Hank was discharged to Southern California, liked the weather, and decided to stay put. He was willing to take most any job, but no jobs were willing to take a man with an eye and half-cheek full of John Wayne. Hard times. But Hank would no more abandon the tattoo than he’d abandon the Duke himself. Eventually low on cash and hungry, Hank migrated to San Francisco’s Haight-Ashbury, where the Love-Everyone, Tolerate-Everyone Flower Children of the early ’70s mocked John Wayne, called Hank a warmonger, and kicked him to the street. “What would John do?” No specific answer, but Hank knew that the Duke would never desert a principle. The tattoo would stay. Years passed, with no change in Hank’s fortune. Then one day, as Hank hid in the shadow of his favorite Dumpster, a gust of wind wrapped a newspaper around his head. On the open page was a short paragraph announcing the time and place of his old Army unit’s reunion, in San Diego. A harbinger of better times? And what were the odds that page blew his way? He did not discount the possibility that the Duke himself somehow had had a hand in it. Dressed in not much more than the dirty red bathrobe he’d found in the Dumpster and sporting prematurely white hair and a full white beard, Hank Mibble walked the 100 miles to the reunion, arriving just as his former comrades were pounding down their sixth keg of Budweiser. They took a quick look, snarled, and repeated the flower children’s reaction years before: They called him a longhaired peacenik traitor and bum-rushed him to the street. “What would John do?” No specific answer, but Hank knew that the Duke would never desert a principle. The tattoo would stay. It was more years of hard times and Dumpsters before Hank garnered the courage to seek specific answers. It was time — time to go to Grauman’s Chinese Theatre, the place of movie stars’ foot and hand imprints. Time to stand in John Wayne’s footprints, place his hand in John Wayne’s handprint, and bond completely with his hero. Time for the Duke to tell him specifics, to lead Hank away from troubles — to absolute truth. Once he was there, there was no hesitation. Hank rushed to the Duke’s footprint, and found . . . if you’ve been there, you know . . . John Wayne had a size 5AAA shoe! A childlike fist! A man of average size, Hank found that his foot was twice as big as John Wayne’s and his fist half again as large as John Wayne’s. John Wayne was apparently a tiny little man or a woman — or both! John Wayne was a lie!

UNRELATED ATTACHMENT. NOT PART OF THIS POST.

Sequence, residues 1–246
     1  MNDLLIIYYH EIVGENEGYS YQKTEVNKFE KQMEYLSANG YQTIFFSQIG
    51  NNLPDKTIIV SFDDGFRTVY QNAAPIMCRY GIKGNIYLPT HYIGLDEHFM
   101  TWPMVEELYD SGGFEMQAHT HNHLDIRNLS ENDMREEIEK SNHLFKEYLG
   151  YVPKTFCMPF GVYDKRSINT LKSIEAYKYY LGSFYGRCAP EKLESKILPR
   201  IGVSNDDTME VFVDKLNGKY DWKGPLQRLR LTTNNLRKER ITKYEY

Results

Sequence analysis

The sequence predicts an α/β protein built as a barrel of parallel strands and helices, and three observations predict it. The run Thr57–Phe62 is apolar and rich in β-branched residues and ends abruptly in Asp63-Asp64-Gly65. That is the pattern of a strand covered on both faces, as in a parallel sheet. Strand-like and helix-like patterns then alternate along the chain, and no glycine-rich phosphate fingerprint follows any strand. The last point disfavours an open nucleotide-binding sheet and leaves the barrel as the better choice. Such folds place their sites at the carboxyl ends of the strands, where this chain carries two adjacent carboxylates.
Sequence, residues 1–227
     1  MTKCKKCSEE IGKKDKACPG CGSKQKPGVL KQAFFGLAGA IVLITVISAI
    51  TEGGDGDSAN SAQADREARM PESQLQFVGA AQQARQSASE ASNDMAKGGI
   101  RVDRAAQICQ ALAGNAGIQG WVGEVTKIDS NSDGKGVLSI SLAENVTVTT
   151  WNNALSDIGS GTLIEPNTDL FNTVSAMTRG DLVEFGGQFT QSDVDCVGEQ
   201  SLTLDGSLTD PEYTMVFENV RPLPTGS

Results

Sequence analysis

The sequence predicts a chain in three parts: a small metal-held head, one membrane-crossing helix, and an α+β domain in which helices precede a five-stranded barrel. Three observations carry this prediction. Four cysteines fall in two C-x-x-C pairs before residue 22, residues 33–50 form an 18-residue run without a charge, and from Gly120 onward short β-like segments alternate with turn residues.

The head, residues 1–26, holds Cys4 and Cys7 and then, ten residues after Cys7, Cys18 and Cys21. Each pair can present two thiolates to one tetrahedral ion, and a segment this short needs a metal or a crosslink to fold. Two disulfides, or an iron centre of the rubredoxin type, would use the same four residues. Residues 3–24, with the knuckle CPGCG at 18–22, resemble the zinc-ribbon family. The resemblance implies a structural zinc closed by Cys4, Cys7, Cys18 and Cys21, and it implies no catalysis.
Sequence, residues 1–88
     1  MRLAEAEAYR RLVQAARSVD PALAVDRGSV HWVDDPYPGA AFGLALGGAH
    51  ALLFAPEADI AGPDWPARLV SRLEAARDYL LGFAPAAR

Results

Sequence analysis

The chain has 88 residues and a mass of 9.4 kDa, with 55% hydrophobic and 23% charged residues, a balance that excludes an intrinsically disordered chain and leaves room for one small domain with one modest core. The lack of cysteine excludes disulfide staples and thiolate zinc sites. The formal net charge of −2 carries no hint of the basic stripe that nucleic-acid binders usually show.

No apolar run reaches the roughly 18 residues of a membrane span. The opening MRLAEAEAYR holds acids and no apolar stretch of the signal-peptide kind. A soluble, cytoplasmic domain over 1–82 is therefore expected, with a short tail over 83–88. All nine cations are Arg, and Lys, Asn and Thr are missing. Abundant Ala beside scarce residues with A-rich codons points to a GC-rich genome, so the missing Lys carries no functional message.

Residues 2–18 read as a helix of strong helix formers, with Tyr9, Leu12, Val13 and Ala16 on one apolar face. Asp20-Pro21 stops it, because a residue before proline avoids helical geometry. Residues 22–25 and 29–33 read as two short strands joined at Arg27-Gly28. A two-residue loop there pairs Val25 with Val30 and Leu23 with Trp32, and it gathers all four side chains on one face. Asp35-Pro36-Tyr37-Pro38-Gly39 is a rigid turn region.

Unfortunately, Hank had been worshipping his hero so long that he needed another, someone who knew all things absolutely — no more unspecified answers. His world had been gray long enough; he needed black-and-white. And he knew, from other newspapers blown his way over the years, that there lived only two such people: Al Franken and Ann Coulter. He selected Coulter only because she was the less expensive modification to his tattoo, requiring just a slight lengthening of the nose and a hair touch-up. John Wayne became Ann Coulter.
“What would Ann do?” The urge was uncontrollable: Hank Mibble — white beard, white hair, and knapsack over his shoulder — would head for Iraq this Christmas Day, to blow up “something.”
Or was it Iran? Iowa? He knew it started with an “I” and had four letters. He wondered: Which was closer?  

Doug Bybee Sr. is a frequent contributor. Contact him at DRRJBYBEE@aol.com.